“Excuse me, could you tell me the way to St Mark’s Square?” I’ve answered this question many times, and always with a simple “Straight on!” In Venice all roads lead to Piazza San Marco, the ultimate destination, the goal you must reach so you can say you’ve really visited the City of Bridges. My advice is to make your way there without keeping one eye on the clock, and lose yourself among palaces and unknown campi, leaving room for pleasant surprises. Forget about rushing around, and ticking off all the sights.
When you cross the Ponte della Libertà bridge, which separates the island from the mainland, you’re not visiting a theme park, nor is this a city lamenting its glorious past. Although it’s invaded by millions of tourists every year, Venice’s soul can still enchant, envelop and capture those who know how to look and listen.
One thing that still surprises me after so many years is seeing people visiting the Casa delle Girandole, behind Campo San Rocco, just ten minutes from Santa Lucia Station. Until the early 2000s, the façade of this house was decorated with hundreds of handmade wooden windmills, suns, stars and moons crafted by the gentleman who lived there. His name was Donato Zangrossi and, as Giada Carraro tells us in her book “La Casa delle Girandole”, he was a poet and astronomer in love with the stars and the wonder of creation.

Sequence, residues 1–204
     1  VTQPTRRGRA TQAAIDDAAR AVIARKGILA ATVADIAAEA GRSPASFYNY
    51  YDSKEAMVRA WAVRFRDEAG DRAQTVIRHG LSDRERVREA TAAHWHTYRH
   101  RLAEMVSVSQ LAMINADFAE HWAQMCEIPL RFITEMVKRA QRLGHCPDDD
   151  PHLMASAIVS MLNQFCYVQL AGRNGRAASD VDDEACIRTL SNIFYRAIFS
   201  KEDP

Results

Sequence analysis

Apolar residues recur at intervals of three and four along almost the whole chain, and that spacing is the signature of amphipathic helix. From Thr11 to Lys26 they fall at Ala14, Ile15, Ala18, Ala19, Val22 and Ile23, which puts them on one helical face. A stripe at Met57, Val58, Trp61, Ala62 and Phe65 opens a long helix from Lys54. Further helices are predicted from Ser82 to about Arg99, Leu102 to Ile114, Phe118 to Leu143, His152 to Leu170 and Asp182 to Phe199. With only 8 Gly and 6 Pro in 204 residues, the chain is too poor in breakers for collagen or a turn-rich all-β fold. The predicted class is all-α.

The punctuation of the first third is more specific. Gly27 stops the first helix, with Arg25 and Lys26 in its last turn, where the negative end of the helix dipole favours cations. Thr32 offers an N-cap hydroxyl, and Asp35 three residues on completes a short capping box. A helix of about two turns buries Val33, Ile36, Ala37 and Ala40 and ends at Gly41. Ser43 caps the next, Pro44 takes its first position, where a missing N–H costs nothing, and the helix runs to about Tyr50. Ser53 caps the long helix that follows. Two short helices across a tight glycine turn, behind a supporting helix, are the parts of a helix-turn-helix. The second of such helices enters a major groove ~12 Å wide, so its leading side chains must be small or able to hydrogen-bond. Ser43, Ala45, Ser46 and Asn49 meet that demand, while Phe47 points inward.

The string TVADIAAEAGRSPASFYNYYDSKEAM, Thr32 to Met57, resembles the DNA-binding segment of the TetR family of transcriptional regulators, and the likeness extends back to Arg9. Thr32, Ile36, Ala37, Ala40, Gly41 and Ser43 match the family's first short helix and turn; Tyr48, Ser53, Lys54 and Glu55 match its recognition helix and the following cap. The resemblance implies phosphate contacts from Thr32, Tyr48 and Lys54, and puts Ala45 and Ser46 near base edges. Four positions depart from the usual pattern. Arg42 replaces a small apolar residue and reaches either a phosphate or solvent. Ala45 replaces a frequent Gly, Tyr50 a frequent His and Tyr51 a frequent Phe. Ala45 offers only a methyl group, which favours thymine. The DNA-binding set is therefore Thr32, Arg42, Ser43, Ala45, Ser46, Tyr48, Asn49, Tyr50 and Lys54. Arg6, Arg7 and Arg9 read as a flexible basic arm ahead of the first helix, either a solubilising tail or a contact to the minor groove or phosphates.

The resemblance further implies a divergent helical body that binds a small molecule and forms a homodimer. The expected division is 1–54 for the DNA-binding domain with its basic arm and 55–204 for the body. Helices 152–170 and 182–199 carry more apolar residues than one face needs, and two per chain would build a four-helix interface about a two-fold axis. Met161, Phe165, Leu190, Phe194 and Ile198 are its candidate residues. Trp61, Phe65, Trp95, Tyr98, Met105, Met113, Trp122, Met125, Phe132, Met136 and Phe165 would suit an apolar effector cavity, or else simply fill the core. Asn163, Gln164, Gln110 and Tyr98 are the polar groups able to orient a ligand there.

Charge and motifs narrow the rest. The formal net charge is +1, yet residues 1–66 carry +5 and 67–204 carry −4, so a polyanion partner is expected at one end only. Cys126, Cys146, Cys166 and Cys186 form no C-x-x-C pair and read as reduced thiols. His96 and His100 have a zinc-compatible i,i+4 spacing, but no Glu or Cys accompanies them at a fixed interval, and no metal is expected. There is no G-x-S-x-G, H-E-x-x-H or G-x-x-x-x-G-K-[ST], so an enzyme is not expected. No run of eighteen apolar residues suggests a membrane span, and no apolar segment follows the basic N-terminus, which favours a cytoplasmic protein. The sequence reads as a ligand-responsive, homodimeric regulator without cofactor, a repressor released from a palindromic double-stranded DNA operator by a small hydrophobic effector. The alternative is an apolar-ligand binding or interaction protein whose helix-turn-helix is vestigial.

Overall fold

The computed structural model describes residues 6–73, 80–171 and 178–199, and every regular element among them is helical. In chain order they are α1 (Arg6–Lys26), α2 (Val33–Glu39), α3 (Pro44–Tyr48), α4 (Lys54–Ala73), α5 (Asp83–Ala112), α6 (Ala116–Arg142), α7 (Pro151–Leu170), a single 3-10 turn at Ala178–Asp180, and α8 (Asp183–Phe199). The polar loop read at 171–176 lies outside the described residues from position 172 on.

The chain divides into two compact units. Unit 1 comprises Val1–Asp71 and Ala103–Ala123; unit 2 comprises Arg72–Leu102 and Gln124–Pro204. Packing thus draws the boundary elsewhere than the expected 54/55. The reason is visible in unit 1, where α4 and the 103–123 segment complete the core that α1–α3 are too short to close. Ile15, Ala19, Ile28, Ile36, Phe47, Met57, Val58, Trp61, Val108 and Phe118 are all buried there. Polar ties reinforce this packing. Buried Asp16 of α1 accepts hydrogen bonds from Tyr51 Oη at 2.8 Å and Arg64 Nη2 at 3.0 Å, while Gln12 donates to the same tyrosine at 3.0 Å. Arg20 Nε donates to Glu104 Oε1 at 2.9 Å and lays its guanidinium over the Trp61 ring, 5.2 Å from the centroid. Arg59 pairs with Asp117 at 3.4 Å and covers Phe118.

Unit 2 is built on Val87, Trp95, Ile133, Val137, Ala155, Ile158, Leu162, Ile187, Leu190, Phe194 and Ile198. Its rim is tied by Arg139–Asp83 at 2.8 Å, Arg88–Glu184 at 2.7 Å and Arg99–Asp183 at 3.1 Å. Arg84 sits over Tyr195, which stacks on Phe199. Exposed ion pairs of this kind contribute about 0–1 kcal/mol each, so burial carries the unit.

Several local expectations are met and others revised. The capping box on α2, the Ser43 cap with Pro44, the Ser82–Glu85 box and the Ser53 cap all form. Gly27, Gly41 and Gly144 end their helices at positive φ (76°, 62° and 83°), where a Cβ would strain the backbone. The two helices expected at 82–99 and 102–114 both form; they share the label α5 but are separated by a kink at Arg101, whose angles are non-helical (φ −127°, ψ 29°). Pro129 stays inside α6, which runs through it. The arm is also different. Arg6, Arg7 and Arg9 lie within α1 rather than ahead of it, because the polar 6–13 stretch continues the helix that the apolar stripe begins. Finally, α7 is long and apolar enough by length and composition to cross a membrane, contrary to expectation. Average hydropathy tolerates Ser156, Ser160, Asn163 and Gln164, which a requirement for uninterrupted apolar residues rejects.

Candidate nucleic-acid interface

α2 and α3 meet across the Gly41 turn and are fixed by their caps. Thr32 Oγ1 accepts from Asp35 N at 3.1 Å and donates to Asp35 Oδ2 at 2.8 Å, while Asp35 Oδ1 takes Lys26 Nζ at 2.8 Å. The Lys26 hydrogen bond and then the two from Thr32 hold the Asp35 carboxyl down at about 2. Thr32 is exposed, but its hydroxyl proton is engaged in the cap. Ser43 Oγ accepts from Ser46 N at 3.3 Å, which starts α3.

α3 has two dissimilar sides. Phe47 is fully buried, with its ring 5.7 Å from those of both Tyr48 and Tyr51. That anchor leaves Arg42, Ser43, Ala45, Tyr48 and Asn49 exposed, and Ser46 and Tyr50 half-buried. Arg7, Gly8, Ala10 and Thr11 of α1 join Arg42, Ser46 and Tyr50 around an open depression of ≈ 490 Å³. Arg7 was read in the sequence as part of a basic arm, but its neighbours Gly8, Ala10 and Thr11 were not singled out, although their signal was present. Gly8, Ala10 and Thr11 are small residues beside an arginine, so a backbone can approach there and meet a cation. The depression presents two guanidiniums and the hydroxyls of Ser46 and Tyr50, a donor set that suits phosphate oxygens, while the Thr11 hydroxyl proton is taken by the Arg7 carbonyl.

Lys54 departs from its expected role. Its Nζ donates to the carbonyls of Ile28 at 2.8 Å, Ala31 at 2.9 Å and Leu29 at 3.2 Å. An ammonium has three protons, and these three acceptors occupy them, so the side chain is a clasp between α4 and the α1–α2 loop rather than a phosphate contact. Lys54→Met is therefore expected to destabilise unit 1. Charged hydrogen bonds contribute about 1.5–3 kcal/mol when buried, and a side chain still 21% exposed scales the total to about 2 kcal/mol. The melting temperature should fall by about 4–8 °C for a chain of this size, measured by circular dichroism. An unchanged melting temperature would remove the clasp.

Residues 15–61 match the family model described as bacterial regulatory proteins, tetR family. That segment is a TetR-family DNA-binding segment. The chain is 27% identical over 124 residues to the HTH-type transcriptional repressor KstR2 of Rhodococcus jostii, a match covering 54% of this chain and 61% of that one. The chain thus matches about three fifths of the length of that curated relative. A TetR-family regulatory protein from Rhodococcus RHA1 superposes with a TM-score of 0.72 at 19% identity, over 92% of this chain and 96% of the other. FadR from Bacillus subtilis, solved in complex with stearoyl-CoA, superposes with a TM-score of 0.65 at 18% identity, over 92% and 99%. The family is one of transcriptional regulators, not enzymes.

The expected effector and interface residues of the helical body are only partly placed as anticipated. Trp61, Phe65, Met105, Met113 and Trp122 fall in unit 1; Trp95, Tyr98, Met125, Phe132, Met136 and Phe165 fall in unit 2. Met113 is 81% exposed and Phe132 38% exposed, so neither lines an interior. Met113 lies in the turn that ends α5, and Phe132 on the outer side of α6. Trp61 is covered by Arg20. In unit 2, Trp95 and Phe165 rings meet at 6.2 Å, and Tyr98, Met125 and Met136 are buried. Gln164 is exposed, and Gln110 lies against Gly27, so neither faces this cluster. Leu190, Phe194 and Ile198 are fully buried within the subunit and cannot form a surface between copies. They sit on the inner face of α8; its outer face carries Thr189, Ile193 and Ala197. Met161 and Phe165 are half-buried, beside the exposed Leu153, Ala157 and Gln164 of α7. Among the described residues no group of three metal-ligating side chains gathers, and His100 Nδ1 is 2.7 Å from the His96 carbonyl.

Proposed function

Sadly, the windmills fell into disrepair following the disappearance of their craftsman, but many visitors still come here with the hope of seeing them again and reliving the memories of a discovery that often happened by chance, along the way to San Marco or Rialto. This is symbolic of the connection that Venice instils in its more sensitive visitors. Once you’ve discovered its authentic and secret sides, it’s impossible to forget them. Every corner is full of them. All you need is to know how to look, and how to stand still.